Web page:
Crime author Agatha Christie published her book Pale Horse, around the time of Graham Young's first bout of poisoning. In the book, thallium is administered by the killer and this evidently inspired the boy. Using the fake ID of M.E. Evans, Young was able to convince two chemists that he was aged seventeen and that he needed them for “study”. He was able to cloak his murderous intentions beneath a veil of charm and maturity. He procured enough antimony, arsenic, digitalis and thallium to kill 300 people.

Tea Time

Graham Young now turned his attention to his family and concentrated on his 37-year-old stepmother Molly, whom he had hated since the age of three. She had destroyed his toy train set - for reasons that remain unclear. Young took pleasure in watching his stepmother in constant ill health, knowing full well that he was responsible. He enjoyed the control he had over others. “Through poisoning his family, he is able to establish that control,” says Professor David Wilson. In the early part of 1961, Graham Young was conducting a long-term experiment. He put antimony in the Sunday joint and watched what it did to his father, stepmother, and sister. Molly suffered vomiting, diarrhea, and intense stomach pain, which she initially dismissed as attacks of biliousness. Fred Young, 44, began suffering similar symptom for days at a time and that summer, 22-year-old Winifred Young was violently ill on a couple of occasions.

In November 1961, Winifred Young was served a cup of tea by her brother but threw it away after only a sip because it tasted sour. An hour later, she began to hallucinate on a train and had to be escorted off. Winifred was taken to hospital where the doctors concluded that she had been poisoned by belladonna. Meanwhile, the protagonist continued to make notes in his diary. Fred Young only suspected that his son contaminated the kitchen utensils he borrowed for his school experiments. He confronted Graham. But he only blamed his sister, claiming that she had been mixing shampoo in the family's teacups. Fred Young found nothing incriminating in his son's room and warned him to be more careful when messing about with “those bloody chemicals".

In the early months of 1962, Molly Young's condition deteriorated. She lost weight, suffered agonising backache, and her hair began to fall out. After a year of poisoning his stepmother with antimony, Graham Young spiked her evening meal with 20 grains of thallium which was enough to kill five or six people. The following day, Easter Saturday, Molly Young awoke with different symptoms. Her neck was stiff and she experienced pins and needles in her hands and feet. Molly went shopping but returned before lunchtime, while her husband was out at a local public house. Fred Young returned home to find his wife writhing in agony in the garden. Fred Young noticed his son staring intently from the kitchen window at the scene. Molly was admitted to hospital but the doctors could not fathom her symptoms. Her last words were simply that she just wanted to go home and make her family dinner. Just hours later, Molly Young was dead. A postmortem concluded that she had died from a collapsed bone in the spine, incurred from a car accident a year earlier. Molly was cremated at Graham's suggestion. After the funeral, Graham's uncle John began vomiting violently after eating mustard pickle sandwiches, spiked by his nephew.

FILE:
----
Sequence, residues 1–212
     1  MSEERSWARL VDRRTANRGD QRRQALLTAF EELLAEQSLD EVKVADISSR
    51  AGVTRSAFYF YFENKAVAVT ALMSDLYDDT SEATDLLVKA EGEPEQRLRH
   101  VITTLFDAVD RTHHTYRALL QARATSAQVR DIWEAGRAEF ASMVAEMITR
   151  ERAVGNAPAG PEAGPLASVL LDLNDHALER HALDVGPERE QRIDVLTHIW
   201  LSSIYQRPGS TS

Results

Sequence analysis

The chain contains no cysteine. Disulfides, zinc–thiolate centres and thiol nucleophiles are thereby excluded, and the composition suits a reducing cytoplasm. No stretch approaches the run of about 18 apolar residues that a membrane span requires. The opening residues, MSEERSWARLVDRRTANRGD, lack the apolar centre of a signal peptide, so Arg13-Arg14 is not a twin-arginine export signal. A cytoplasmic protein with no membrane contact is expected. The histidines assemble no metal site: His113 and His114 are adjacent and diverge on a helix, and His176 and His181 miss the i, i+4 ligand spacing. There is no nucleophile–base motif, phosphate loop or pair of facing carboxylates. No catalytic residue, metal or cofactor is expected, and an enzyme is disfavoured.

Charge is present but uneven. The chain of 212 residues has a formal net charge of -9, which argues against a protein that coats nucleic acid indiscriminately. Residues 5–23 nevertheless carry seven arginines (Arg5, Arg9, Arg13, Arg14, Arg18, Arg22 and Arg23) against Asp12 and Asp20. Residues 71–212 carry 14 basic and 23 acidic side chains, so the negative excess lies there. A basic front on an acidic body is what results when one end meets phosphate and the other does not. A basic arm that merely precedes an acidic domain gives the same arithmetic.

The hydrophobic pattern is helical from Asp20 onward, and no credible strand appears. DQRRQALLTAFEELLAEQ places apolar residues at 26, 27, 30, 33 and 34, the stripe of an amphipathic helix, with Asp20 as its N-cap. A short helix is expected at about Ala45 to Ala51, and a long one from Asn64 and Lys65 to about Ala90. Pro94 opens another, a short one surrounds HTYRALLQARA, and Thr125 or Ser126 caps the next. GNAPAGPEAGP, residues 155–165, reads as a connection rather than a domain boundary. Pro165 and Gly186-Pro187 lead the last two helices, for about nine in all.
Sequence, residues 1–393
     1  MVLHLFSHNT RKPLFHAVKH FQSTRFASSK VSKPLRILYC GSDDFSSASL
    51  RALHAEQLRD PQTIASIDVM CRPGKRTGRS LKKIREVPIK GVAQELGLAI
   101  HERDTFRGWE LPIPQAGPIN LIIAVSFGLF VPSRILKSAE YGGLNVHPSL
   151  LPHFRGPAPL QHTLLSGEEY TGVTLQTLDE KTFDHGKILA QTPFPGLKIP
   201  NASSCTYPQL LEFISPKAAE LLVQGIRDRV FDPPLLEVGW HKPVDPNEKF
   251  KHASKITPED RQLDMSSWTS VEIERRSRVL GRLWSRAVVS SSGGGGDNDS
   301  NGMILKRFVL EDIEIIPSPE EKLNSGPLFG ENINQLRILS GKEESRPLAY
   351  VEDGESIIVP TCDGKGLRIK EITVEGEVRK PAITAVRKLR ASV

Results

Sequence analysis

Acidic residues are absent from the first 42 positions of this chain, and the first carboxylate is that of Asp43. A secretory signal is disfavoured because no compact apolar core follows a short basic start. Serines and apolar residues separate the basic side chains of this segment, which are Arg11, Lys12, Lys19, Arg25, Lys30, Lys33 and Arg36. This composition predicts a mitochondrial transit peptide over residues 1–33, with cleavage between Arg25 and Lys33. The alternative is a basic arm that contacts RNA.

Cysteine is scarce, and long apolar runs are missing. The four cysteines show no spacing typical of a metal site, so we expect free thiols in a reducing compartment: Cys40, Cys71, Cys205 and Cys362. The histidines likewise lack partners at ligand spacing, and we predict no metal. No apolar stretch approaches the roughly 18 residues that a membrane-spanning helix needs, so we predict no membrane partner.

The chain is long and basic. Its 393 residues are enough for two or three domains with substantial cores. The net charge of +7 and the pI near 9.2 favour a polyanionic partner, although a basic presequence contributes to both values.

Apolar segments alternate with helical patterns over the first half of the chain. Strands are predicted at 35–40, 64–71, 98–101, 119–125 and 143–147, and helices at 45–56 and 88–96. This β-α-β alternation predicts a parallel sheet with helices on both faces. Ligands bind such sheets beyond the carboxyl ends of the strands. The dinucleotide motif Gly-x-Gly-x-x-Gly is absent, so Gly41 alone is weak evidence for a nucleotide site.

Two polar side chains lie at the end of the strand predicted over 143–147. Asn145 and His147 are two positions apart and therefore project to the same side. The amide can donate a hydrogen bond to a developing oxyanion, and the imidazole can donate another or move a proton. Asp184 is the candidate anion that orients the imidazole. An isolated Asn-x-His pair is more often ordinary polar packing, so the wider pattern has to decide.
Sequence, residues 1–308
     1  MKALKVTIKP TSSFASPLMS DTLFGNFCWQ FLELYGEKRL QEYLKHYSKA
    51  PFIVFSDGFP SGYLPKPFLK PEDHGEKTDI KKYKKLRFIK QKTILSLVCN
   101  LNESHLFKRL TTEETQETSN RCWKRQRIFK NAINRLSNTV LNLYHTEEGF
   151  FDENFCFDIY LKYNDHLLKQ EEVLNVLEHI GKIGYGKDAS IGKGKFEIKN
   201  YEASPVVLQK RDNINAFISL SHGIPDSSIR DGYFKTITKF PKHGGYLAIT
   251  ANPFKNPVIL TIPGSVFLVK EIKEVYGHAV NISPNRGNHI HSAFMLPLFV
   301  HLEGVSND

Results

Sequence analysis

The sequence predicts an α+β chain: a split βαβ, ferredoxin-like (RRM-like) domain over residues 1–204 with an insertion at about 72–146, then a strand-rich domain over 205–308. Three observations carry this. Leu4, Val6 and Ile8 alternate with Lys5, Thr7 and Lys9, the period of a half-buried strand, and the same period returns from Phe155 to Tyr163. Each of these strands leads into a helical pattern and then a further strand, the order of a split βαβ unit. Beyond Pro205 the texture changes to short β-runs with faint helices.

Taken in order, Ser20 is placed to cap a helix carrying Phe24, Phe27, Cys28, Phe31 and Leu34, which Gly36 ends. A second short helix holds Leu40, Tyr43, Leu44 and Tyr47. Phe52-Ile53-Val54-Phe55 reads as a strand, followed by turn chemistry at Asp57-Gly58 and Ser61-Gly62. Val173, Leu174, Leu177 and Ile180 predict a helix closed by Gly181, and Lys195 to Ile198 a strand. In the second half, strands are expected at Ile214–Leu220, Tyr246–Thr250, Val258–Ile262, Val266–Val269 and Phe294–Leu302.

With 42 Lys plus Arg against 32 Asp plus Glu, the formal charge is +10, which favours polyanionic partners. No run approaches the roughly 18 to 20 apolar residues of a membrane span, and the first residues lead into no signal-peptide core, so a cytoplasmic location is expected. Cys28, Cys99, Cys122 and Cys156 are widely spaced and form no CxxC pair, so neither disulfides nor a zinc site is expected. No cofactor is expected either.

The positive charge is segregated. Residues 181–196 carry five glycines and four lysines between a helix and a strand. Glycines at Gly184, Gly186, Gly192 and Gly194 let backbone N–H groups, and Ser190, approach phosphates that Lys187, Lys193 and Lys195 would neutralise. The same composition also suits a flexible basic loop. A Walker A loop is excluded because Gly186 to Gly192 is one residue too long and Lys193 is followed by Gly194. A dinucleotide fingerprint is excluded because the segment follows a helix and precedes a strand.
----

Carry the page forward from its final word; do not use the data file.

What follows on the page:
Meanwhile, Fred Young had suffered permanent damage to his liver. So far, Graham had shown little remorse for his stepmother or the plight of his father. His sister Winifred had also been damaged by the poisoning. Young began placing larger and larger amounts of antimony in his father's food and drink. Fred Young had already begun to suffer similar symptoms to his deceased second wife, and was rushed to hospital where his son coolly observed him and continued to make notes. This time, the doctors diagnosed him as suffering from arsenic poisoning. “How ridiculous, not being able to tell the difference between arsenic and antimony poisoning” Graham responded disdainfully. When the boy began lecturing the doctors on which poison might be responsible, his father cried: “Get that boy away from me!”

Graham Young's chemistry teacher Geoffrey Hughes had his own suspicions about the eccentric teenager. He searched the boy's desk and found bottles of poisons, drawings of dying men, and essays about famous poisoners. Hughes duly contacted the police. Young was sent for what he believed to be a careers interview, but the interviewer was, in fact, a police psychiatrist who reported what the boy said to him. The police were waiting for Graham when he arrived home from school on the afternoon of 2 May 1962. They searched his pockets but found nothing. When Graham was asked to remove his shirt three small bottles dropped out. They contained antimony and Young was taken into custody where he made a boastful confession. They were his exit dose for which to commit suicide if he was ever caught. Young was arrested for attempted murder. At first, Graham denied everything, but broke down and confessed to poisoning his father and sister and his best friend at school. Molly Young had been cremated, so "It grew on me like a drug habit, except it was not me who was taking the drugs." Graham Young said. "I miss my antimony. I miss the power it gives me," he informed the psychiatrists, while on remand awaiting trial. Graham Young was fourteen-years and ten-months-old.